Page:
Low Ash for Easy Cleanup
Wood pellets cook down to less than 1% ash, so cleanup is fast and easy, and there are fewer problems from ash buildup over long cooking times.
Real Hard Wood Smoke and Flavor
The convection fan inside a pellet grill creates an even circulation of hot, smoky air, so you don’t need to position vents for optimal smoke flavor. The ability to choose a wide range of wood pellets made from real hard wood without additives imparts a ton of smoke and flavor to food, naturally and without additives or chemicals.
With many traditional hard wood smokers, it’s necessary to manually monitor and adjust the air to fuel ratio, adding wood chunks and shaping the fire the way you need it. A pellet grill automates the optimal fuel to air ratio, so you don’t need to maintain the fire.
Provided the pellet grill provides a drip pan to catch grease, these grills have virtually no risk of flareups.
Drawbacks of a Pellet Grill
Despite all these great features, pellet grills aren’t perfect. Here are a few drawbacks.
Need Extra Care in Wet Conditions and Wet Climates
Because the pellets are, after all, made of wood, they will not burn well when wet. Wood pellets in storage and in the hopper need to be kept dry.
Depending on your use, this can be a pretty severe drawback. The need for a constant electrical connection makes these grills less friendly for portable uses like camping or tailgating. Most standard-sized pellet grills need to be powered by a generator, or a car or boat battery, so they can’t simply be powered by a car adapter.
May Require More Significant Repairs or Maintenance
If you are comparing a pellet grill to a standard charcoal grill, that can be another big downside: If something breaks or needs repairs in a pellet grill, like an electric wire, a motor, or the drive train, then the entire grill is non-functional.
Likewise, with a digital grill, if there is a technical glitch or error, the grill won’t work. With charcoal and even many gas grills, if a particular part breaks down or needs repair, you may still be able to use the grill, even in a more limited fashion.
Less of the Pit Master Experience
This aspect won’t matter to many people, but to some, it is important. Cooking on a pellet grill is more like cooking on an oven, where you set the temperature and the timer and then walk away. You do not need to open the grill to flip or move food. There are virtually no flare-ups.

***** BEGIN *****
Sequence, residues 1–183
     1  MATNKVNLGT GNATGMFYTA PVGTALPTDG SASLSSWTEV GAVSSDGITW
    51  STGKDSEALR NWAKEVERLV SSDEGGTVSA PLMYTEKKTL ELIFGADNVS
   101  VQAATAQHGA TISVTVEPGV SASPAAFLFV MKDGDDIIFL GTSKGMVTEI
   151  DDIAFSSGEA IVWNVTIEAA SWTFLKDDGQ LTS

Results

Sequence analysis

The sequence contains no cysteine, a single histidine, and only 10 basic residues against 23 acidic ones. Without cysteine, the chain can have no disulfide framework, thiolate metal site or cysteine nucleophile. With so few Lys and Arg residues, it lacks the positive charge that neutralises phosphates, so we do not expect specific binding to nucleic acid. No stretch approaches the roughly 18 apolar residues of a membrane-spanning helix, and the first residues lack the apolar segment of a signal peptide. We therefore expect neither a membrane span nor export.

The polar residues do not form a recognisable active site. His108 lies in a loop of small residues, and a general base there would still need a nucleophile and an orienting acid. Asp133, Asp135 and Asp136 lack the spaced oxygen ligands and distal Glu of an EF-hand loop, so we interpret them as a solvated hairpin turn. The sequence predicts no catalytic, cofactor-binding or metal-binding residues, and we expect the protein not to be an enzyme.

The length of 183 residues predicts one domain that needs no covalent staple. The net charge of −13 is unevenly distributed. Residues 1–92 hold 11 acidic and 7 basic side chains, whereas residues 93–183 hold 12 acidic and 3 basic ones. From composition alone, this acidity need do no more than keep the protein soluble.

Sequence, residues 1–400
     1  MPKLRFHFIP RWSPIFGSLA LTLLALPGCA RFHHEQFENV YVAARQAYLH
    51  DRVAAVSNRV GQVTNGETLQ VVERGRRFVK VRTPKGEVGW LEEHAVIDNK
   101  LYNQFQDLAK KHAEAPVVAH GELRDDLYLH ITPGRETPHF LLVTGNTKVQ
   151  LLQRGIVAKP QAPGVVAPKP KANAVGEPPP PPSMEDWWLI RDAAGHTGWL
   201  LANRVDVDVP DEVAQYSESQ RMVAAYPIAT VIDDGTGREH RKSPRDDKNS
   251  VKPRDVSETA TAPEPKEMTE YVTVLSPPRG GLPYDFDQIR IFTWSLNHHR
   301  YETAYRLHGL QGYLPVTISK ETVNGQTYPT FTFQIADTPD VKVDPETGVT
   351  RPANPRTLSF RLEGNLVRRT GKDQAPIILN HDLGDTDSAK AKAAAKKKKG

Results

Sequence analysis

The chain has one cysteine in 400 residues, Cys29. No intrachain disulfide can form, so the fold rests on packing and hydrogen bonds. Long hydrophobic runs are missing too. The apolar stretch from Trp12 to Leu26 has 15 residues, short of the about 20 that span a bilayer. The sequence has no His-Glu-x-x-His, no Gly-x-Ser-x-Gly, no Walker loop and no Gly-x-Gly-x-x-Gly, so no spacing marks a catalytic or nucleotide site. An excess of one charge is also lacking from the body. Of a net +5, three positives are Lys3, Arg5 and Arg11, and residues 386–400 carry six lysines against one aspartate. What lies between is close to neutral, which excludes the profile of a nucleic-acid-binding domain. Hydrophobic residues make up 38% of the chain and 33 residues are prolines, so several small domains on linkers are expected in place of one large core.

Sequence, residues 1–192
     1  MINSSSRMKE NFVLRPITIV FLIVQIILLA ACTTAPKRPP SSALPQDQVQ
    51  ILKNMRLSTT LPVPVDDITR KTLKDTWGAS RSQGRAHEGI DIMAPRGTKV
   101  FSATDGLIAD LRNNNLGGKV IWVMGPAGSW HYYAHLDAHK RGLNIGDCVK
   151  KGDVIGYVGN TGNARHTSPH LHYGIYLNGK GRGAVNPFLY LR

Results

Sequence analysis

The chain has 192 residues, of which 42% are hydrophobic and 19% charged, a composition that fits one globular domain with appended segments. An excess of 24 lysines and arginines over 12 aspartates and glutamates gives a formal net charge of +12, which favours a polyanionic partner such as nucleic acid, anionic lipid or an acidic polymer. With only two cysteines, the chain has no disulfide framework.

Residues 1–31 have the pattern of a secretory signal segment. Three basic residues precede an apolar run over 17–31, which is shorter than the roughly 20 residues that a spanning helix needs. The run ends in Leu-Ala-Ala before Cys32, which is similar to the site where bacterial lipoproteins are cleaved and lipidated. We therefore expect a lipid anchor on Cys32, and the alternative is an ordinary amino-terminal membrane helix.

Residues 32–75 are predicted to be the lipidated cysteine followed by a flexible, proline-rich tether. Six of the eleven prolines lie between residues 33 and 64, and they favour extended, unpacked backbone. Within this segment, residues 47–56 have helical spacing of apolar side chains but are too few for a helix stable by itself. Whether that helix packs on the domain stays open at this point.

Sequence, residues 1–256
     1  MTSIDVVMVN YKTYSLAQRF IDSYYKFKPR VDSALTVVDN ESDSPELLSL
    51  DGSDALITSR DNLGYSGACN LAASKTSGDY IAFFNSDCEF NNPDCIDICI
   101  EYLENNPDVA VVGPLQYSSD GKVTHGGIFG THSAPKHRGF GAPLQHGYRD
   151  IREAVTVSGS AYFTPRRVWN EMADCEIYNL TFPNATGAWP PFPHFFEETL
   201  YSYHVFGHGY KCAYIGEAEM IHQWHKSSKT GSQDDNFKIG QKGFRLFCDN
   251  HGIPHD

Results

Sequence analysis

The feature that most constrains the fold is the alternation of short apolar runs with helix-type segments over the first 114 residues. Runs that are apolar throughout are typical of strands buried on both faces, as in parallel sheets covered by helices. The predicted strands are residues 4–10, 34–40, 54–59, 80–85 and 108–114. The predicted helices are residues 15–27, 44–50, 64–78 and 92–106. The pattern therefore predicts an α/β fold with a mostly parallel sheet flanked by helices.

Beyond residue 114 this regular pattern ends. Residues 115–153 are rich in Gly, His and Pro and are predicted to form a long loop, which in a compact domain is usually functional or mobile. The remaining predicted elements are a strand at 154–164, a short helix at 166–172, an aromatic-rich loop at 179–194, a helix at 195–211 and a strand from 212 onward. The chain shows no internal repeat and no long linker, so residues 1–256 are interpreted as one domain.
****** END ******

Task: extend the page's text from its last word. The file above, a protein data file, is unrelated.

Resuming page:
There are virtually no grill marks. There’s practically no reason to put on an apron, break out the tongs and spatula, and stand around the grill with a beer. For some people, what is summer even about if you aren’t standing around a grill with a beer?
What to Look for in a Pellet Grill
If you are considering buying a pellet grill, here are some of the key features to look for to make sure you are getting good value for your money.
Most hoppers are gravity-fed, where pellets naturally slide down as fuel is fed into the fire.
Some hoppers are prone to “pellet bridging,” where pellets get clustered against each other and don’t fall down the hopper, making the grill think it’s low on fuel when the hopper is full. This is a design flaw in the hopper, and manually minding the hopper will always make using such a grill more cumbersome than it needs to be.
If you plan to get a lot of use out of your pellet grill, choose a high capacity hopper for fewer refills.
In a pellet grill, the drivetrain moves the auger. While such motors don’t need to be particularly powerful, since they are only pushing pellets, it’s important that they be accurate and reliable, ideally for years.
The drivetrain ensures that the right amount of fuel is delivered at the right time to maintain the desired temperature and needs to be the most reliable system in your pellet grill.
Smart Grilling Features
Because pellet grills are ideal for set-it-and-forget-it grilling, they are the best candidates for integration with mobile devices. Smart pellet grills will allow you to remotely monitor and adjust the temperature of the grill, receive notifications about fuel levels, set timers, and more. These apps are perfect for low-and-slow grilling and smoking, allowing you to monitor the grill for hours from anywhere you happen to be.
The most common pellet grill problems are feeding jams, where pellets get clogged in the auger, or fans and sensors not working properly. In most cases, those problems are not issues with the grill; they are just a question of maintenance. High-quality pellets, when kept dry, are much less prone to clogging and jamming.
Cleaning ash and grease from inside the grill keeps the fans, fan motors, sensors, and exhaust systems working correctly. As with any type of grill, peak performance requires regular cleaning and maintenance.
Pellet grills are incredibly versatile, able to cook and smoke all kinds of foods to perfection, with more simplicity and accuracy than other types of grills. They are easy to use, easy to clean, and give natural, smoky hardwood flavor to everything you grill. There’s a reason that these grills have become so popular in recent years, and why so many people swear by them.
Now you know how pellet grills work, what their common features and drawbacks are, and what to look for in a pellet grill, you’ll be able to choose the pellet grill that is perfect for your needs, and enjoy a pellet grill for years to come.